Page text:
• Ceiling Fans: Ceiling fans require servicing for issues like motor failures or electrical problems every few years. Repairing a ceiling fan can cost between $100 to $250, which again, may or may not be worth it considering a service fee under warranty.
  • Garage Door Openers: Garage door openers typically require repairs related to motor failure or alignment issues every 5 to 10 years. The cost to repair or replace a garage door opener can range from $150 to over $300, depending on the complexity of the issue and the model. In this case, the home warranty would cover the repair or replacement cost beyond the service fee, reducing the financial impact.

So, what does all of this information mean? Well, it means that while the upfront cost of a home warranty can sometimes be significant, the potential savings on the expensive and unforeseen home repairs for those major home appliances, like HVAC systems, could make it a worthwhile investment, especially for those in older homes or with older appliances and systems. However, for smaller items, such as for a ceiling fan, it may not make that much of a difference nor be worth it to have the home warranty.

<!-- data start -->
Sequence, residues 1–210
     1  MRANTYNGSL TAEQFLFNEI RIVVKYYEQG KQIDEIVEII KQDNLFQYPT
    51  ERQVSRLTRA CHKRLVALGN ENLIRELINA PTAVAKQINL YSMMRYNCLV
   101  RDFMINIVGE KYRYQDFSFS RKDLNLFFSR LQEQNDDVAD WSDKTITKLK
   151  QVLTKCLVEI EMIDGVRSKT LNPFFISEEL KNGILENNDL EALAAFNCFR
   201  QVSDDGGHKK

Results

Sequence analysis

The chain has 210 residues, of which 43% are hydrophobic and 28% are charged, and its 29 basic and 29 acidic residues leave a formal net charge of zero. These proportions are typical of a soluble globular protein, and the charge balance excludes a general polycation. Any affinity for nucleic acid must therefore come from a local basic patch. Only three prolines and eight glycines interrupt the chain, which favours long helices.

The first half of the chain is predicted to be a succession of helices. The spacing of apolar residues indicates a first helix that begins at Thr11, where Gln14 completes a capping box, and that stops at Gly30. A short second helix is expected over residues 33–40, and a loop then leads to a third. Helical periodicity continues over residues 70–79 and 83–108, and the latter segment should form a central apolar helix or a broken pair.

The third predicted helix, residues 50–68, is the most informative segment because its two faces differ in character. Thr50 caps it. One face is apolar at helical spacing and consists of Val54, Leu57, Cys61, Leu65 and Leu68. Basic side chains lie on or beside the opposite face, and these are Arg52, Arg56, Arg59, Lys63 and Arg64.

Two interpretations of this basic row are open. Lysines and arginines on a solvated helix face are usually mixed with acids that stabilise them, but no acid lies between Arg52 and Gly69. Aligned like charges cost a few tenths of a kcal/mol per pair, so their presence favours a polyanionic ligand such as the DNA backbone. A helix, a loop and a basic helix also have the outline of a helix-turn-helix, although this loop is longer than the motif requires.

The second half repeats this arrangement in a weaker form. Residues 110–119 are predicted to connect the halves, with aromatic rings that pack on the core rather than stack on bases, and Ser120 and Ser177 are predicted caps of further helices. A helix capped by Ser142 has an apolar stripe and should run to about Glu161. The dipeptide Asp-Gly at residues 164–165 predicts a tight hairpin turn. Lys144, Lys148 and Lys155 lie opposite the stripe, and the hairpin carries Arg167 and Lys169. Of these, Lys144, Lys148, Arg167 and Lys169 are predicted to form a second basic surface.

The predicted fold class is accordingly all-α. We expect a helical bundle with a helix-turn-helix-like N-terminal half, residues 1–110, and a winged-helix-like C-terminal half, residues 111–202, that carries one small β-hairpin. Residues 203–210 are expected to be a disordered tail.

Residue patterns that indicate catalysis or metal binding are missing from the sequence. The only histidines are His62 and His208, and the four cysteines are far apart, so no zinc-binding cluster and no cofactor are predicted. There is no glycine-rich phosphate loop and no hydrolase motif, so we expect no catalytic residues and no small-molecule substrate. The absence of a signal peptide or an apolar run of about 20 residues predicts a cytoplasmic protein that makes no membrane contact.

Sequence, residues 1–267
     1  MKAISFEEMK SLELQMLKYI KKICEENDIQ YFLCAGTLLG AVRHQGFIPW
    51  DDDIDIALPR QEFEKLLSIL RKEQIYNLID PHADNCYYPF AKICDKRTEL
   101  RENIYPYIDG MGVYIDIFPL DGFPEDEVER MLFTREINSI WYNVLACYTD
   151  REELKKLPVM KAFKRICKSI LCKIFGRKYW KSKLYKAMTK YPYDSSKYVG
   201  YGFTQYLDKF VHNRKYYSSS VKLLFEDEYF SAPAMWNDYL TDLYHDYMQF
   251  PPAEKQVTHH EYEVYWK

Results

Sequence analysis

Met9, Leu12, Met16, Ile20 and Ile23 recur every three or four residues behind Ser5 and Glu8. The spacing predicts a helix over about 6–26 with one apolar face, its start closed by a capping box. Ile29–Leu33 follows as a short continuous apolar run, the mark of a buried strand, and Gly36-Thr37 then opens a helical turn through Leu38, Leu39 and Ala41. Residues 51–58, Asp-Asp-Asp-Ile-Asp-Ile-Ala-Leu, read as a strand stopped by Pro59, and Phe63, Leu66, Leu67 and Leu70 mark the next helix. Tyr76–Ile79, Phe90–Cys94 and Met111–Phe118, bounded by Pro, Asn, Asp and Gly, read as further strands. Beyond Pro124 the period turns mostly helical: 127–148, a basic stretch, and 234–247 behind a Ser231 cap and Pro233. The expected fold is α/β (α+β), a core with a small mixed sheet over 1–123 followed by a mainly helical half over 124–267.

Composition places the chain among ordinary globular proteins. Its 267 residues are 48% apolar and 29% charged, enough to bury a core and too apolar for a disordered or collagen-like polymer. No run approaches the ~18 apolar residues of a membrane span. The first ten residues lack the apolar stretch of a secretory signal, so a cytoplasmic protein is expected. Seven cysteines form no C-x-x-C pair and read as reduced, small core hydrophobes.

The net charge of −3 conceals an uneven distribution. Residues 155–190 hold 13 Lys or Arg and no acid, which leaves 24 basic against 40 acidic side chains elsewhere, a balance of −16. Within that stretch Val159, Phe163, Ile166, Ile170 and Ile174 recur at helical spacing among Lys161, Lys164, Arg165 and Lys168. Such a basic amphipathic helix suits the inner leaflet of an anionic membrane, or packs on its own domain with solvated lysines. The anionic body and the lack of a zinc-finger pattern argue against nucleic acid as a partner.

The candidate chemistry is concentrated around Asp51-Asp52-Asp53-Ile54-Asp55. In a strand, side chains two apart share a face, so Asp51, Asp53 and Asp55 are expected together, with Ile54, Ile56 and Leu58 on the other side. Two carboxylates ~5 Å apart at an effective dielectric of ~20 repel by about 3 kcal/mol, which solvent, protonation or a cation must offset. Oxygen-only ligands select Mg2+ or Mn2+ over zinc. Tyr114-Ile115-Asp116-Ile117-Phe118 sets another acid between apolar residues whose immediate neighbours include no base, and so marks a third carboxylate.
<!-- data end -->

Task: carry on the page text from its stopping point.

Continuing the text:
However, when it comes down to it, the true value of a home warranty varies based on a variety of factors. For instance, one must consider the condition of the home when buying, the age of its systems and appliances, and your ability as the homeowner to handle unexpected repairs without a warranty. For example, for new homeowners, the value of a home warranty can be a good investment if the home includes older appliances or systems that might soon need repairs as discussed. In this case, the warranty can act as a financial aid during the initial years of homeownership, which often involves more purchases and investments into the home’s construction and furnishing. Alternatively, if you are building a new home with all new appliances, it may not be a worthwhile investment to handle these items that are expected to last. Therefore, be sure to assess your individual factors to determine if a home warranty is a good investment for you.

Managing Claims and Repairs

Filing a claim with a home warranty involves a step by step process. When a covered system or appliance fails, the homeowner must contact the warranty provider, usually through a customer service line or an online platform. The provider then assesses the claim and dispatches a contractor from their network to diagnose the issue. This contractor will determine if the repair is covered under the terms of the warranty and, if so, will proceed with the necessary repairs or replacement.